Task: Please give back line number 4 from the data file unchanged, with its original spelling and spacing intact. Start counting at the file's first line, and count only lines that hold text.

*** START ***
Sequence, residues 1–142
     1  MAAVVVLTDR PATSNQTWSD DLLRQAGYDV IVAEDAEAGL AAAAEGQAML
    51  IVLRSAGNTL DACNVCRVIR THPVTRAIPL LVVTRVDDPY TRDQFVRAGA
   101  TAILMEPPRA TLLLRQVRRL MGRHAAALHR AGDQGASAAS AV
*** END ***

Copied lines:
   101  TAILMEPPRA TLLLRQVRRL MGRHAAALHR AGDQGASAAS AV